Rise of the King: Companions Codex, II - R.A. Salvatore, Robert M Lewis, M Lewis Robert

Rise of the King is the type of R.A. Salvatore novel that all his fans crave. It is quite simply a tour de force of action with fights scenes galore, warfare on a regional scale, personal acts of valor, and even a little time in between sword blows for some emotional interaction by the Companions of the Hall. Or to put it another way, everything that readers love about tales about Drizzt is on center stage here with none of the usual negatives to drag them down. Honestly, it is about as perfect a Forgotten Realms story as I think Mr. Salvatore can deliver, which means it is pure sword and sorcery fun.


As the second volume of the Companions Codex, this novel picks up were Night of the Hunter left off. The drow of Menzoberranzan under the control of Matron Mother Quenthel Baenre have unleashed their plan to destroy the Silver Marches and blame it upon Drizzt’s former House of Do’Urden. With a magic induced darkness covering the land, the orcs of the Kingdom of Many Arrows and their allies fall upon the dwarves, humans and elves of the region in overwhelming numbers.


As disaster after disaster mounts against the surprised defenders, they turn upon each another: human blaming dwarves, dwarf blaming human, elves blaming dwarves and humans, and everyone blaming dead King Bruenor. And with this animosity standing in the way of the formation of a coordinated defense, the great cities of the region find themselves isolated and alone, facing an enemy that is stronger than they ever imagined.


Into this situation stumble Drizzt, Bruenor, Catt-brie, Regis, and Wulfgar. Soon, they find themselves trapped in a besieged city, desperately trying to hold back their enemies, and hoping to discover some way to help stem the rising tide. But even as they confront the orcs of Many Arrows and Bruenor continues to tell Drizzt "I told you so" about the orcs, the drow and his wife Catt-brie attempt to come to term the idea that some races are beyond saving and must be hunted down and annihilated – an idea that chills Drizzt to the core, making him wonder at the fate of his own people.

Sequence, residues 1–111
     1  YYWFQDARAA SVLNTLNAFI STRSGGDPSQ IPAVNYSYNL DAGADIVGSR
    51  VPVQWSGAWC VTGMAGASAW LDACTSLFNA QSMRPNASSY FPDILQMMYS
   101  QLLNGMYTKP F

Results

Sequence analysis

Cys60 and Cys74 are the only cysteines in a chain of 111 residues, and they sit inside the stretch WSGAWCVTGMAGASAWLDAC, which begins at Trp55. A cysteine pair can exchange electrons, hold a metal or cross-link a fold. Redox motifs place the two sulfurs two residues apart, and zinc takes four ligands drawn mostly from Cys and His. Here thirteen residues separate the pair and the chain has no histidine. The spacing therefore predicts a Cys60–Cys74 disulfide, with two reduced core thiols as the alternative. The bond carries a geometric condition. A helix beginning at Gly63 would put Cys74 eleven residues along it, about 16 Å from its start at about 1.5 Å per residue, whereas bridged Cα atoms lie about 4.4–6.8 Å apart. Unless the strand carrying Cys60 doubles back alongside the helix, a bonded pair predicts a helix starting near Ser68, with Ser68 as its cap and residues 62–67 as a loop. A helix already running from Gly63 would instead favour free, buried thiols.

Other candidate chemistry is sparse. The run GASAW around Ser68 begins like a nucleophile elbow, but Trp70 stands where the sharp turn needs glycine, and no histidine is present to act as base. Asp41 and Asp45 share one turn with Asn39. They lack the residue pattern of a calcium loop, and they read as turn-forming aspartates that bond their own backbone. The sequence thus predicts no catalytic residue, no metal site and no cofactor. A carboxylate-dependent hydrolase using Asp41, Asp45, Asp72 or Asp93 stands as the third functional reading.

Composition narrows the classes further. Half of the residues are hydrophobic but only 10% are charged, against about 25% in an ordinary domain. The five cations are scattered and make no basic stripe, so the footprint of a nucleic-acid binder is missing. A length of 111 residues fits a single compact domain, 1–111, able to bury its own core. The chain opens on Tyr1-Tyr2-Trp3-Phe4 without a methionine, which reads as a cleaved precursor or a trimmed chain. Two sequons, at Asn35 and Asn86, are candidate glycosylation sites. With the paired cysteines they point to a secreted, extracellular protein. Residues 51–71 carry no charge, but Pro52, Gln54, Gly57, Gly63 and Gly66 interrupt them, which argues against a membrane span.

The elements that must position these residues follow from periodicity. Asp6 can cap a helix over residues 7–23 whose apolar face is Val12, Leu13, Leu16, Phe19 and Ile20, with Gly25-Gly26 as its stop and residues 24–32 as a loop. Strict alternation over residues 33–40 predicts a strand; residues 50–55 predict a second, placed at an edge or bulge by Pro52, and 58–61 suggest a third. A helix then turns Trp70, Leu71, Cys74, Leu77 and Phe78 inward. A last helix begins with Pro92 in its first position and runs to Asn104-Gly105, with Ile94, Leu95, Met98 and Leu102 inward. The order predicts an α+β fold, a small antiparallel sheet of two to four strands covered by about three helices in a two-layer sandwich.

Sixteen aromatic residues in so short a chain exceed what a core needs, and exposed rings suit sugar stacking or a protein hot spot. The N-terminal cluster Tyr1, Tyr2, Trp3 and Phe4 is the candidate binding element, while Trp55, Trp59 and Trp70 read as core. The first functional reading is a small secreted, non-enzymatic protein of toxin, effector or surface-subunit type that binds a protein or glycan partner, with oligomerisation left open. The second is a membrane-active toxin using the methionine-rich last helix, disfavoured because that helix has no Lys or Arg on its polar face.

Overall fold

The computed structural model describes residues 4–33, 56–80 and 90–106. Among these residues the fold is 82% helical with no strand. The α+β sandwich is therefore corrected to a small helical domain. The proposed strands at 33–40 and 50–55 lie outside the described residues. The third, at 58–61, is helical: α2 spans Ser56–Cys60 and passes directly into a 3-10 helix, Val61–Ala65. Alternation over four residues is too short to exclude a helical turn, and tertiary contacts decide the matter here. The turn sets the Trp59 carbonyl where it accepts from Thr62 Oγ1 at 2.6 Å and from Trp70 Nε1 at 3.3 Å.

In the background of our heroes struggle, the story of Drizzt’s former comrades Ambergris the dwarf cleric, Dahlia Sin'felle the elf warrior, and Afafrenfere the human monk continues to play out, promising that they will soon reappear to take a role in this titanic struggle taking place in the Silver Marches. And as always the ever mysterious and conniving Jarlaxle lurks in the background, pushing pieces around on the game board – his motives, as always, his own.


As I mentioned, this is about as good a Drizzt story as I can imagine Mr. Salvatore penning. Besides the stellar action sequences, there are the scattered interludes with Drizzt passing along his inner thoughts, the slowly budding friendship of the new Companions, and just enough of the drow political machinations to keep a reader turning pages. At the same time, Mr. Salvatore inserts enough references to old adventures by Drizzt and companion to make these people truly feel like old friends newly reacquainted. Because, honestly, wouldn’t Drizzt tell his wife and companions about struggles he went through or exciting daring-do they missed during their sojourns in the realms of death? Of course, he would, and while it does interrupt the narrative flow a bit, these tidbits of history really ring true for this resurrection of the Companions of the Hall.


All in all, Rise of the King is sword and sorcery at its finest. Mr. Salvatore might not be reinventing the wheel here, but what he does do is craft an entertaining tale that will sweep a reader away to the Forgotten Realms for a few hours. And isn’t that what most Drizzt fans really want? Yeah, it is, so go read this book already.


I received this book from Netgalley and the publisher in exchange for a fair and honest review. I’d like to thank both of them for allowing me to receive this review copy and inform everyone that the review you have read is my opinion alone.